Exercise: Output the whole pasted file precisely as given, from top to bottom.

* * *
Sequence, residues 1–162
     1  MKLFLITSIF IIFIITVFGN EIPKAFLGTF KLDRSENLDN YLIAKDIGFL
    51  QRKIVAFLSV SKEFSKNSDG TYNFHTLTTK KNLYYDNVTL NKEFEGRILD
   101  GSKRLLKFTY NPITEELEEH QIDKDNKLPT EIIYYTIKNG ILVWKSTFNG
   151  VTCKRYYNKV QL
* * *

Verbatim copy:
Sequence, residues 1–162
     1  MKLFLITSIF IIFIITVFGN EIPKAFLGTF KLDRSENLDN YLIAKDIGFL
    51  QRKIVAFLSV SKEFSKNSDG TYNFHTLTTK KNLYYDNVTL NKEFEGRILD
   101  GSKRLLKFTY NPITEELEEH QIDKDNKLPT EIIYYTIKNG ILVWKSTFNG
   151  VTCKRYYNKV QL